BY: Ebrahim Fallahi

Iran’s turbulent auto market: will prices calm down?

May 15, 2020 - 14:24

TEHRAN – Over the past few weeks, car prices in Iran have been skyrocketing despite claims of the market being stagnant.

The astonishingly high prices come despite the fact that the industry minister and chairman of the National Competition Council had announced, earlier this year, a new formula for car pricing, promising that prices will probably drop by 30 to 40 percent.

Some government sources have blamed rising prices on "organized brokerage", while those active in the car market believe the closure of some representative dealership offices to be the main reason for this situation; others believe that the recent rise in prices is due to general inflation.

Whatever the reason, the question is what the government should do to calm the turbulent market and pull the prices back to a normal level.

The reasons

The reduction of the output of the country’s major automakers has been pointed as one of the main reasons for the recent price hikes

Some experts also believe that the surging prices for some auto models like SAIPA Group’s Pride - which was traded at 900 million rials (about $21,430) in late April - were only valid on paper and cars were not actually traded at that price in the market.

In late April, Saeed Motameni, the president of Tehran’s Auto Dealers and Exhibitors Union, told IRNA: "When there is little supply from carmakers, people who have already bought a car as investment become the main players in the market and they are the ones who determine the prices [at least] on paper."

According to Motameni, in the first two months of the year, automakers, as in previous years, are pursuing a strategy for raising prices by intentional reduction of supply to the market.

“There is no monitoring and supervision on the auto dealership companies and agencies, and they price the car arbitrarily and impose their prices on the market.”

In early May, the head of Consumers and Producers Protection Organization, Abbas Tabesh was quoted by the press as saying that "According to statistics, [the country’s] car production currently is about 760,000 and car imports are also banned; this insufficient production disrupts the supply and demand."

Based on the Industry, Mining, and Trade Ministry data, the country’s auto output stood at 831,334 in the previous Iranian calendar year of 1398 (ended on March 19) which was 13 percent less than its preceding year 1397.

Earlier this month, President Hassan Rouhani blamed "hoarders" and "web sites that release daily car prices” for the turbulence in the auto market and called on the authorities to deal with them.

The reduction in the value of the national currency and the problems caused by the U.S. sanctions, including rising raw material prices and the issues regarding the banking transactions over the past two years have been also mentioned as major factors that pushed the car prices up.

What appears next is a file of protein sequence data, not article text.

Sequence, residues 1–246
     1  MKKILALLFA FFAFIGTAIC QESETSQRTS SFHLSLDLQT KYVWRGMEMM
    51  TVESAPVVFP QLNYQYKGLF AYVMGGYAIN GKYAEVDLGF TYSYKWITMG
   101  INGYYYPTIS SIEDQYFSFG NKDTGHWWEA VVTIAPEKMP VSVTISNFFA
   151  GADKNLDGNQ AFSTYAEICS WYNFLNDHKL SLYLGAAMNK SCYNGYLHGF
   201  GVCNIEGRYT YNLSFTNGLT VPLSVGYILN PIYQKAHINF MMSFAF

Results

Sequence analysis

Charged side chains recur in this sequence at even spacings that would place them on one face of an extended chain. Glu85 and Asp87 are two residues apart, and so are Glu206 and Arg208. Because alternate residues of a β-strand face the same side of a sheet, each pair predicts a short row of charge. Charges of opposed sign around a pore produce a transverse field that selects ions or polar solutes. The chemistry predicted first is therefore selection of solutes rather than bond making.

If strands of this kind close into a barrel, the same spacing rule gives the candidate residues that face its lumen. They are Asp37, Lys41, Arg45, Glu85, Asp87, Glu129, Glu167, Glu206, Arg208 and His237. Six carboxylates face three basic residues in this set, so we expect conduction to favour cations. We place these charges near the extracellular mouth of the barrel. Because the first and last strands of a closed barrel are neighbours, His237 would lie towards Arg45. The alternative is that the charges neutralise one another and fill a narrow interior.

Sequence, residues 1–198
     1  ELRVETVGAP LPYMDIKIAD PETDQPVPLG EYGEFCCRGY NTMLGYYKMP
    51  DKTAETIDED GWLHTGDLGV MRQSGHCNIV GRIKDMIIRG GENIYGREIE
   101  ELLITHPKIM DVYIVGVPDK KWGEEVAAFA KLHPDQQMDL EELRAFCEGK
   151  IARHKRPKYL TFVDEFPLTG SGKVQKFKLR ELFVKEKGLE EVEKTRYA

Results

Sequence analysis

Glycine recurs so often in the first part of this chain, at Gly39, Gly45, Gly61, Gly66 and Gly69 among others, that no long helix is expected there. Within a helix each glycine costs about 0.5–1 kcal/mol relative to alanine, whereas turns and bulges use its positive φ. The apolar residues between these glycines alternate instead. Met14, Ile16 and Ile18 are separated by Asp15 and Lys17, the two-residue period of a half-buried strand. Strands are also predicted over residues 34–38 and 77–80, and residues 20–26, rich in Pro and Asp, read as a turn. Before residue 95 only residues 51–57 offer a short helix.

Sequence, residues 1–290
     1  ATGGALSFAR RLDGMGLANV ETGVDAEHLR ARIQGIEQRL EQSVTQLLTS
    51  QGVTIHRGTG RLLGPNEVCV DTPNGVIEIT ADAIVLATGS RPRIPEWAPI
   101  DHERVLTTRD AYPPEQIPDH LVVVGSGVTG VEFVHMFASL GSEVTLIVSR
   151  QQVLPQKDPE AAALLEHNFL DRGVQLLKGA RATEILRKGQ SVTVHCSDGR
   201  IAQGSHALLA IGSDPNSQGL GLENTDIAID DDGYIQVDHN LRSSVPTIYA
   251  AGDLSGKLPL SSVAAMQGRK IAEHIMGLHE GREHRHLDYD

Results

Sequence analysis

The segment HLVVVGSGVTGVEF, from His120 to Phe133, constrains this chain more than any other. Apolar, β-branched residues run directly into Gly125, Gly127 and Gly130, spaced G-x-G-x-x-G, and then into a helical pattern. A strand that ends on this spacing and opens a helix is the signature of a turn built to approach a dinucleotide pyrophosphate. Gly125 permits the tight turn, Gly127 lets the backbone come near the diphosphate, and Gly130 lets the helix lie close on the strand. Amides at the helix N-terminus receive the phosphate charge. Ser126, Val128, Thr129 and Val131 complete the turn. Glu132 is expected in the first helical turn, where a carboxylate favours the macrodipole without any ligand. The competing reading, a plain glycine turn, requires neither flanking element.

The solution(s)

The government has been introducing various methods of pricing and distribution for the country’s auto industry, hoping to stabilize the market.

However, the ever-growing prices are a clear indication that these methods have been doomed to failure and the issue must be dealt with from a more fundamental perspective.

There are three major factors contributing to the high prices of automobiles in Iran: one is the totalitarian power of the country’s two major automakers that rule over 80 percent of the market, the second is the ban on the imports of foreign cars with the aim of supporting domestic production and finally the third factor is the weak auto parts sector which is not getting the support it needs and deserves from the government.

For many years, experts and scholars have warned against the monopolization of the auto industry in Iran, however, the government has not been willing to listen, claiming to support domestic production.

Giving the sole power to the government-owned companies has deprived the market of the right of healthy competition and the result has been low-quality cars with skyrocketing prices.

According to Motameni, Iran Khodro and SAIPA are imposing their policies on the market and that is not healthy at all.

“The balance between supply and demand means the balances in the market, so if automakers are unable [or aren’t willing] to increase supply, the government must allow car imports,” the official says.

With all the above being said, one important issue that should be taken into consideration is the fact that Iran is moving away from being a dependent economy, and domestic production is of great importance in the country’s current situation. That means importing cars will be great harm to the country’s auto industry, and against the national interest.

So, how the government is supposed to approach the issue? The answer is by supporting the private sector and backing the automakers.

If the capable private sector is given an opportunity they have the potential to grow and compete with the two giants that have grown beyond their competence on the lack of competition in the market.

Although by introducing new pricing methods the government might be able to calm the market in the short term, this ill industry needs a permanent remedy that is “healthy competition”.

Of course, monitoring and supervising the market is the very basic duty of any government so that should not be neglected as well.

EF/MA

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